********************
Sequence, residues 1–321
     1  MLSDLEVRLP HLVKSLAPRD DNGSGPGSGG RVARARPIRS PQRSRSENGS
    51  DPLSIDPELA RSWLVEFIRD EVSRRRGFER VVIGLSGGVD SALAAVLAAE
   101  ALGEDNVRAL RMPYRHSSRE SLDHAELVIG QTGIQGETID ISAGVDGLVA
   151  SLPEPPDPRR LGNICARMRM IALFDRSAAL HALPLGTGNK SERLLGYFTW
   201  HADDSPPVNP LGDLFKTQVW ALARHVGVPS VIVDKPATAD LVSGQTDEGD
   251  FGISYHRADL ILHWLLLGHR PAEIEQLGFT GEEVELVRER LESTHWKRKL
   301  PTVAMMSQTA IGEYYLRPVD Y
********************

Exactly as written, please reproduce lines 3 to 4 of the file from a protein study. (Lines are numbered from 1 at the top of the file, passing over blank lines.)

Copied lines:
    51  DPLSIDPELA RSWLVEFIRD EVSRRRGFER VVIGLSGGVD SALAAVLAAE
   101  ALGEDNVRAL RMPYRHSSRE SLDHAELVIG QTGIQGETID ISAGVDGLVA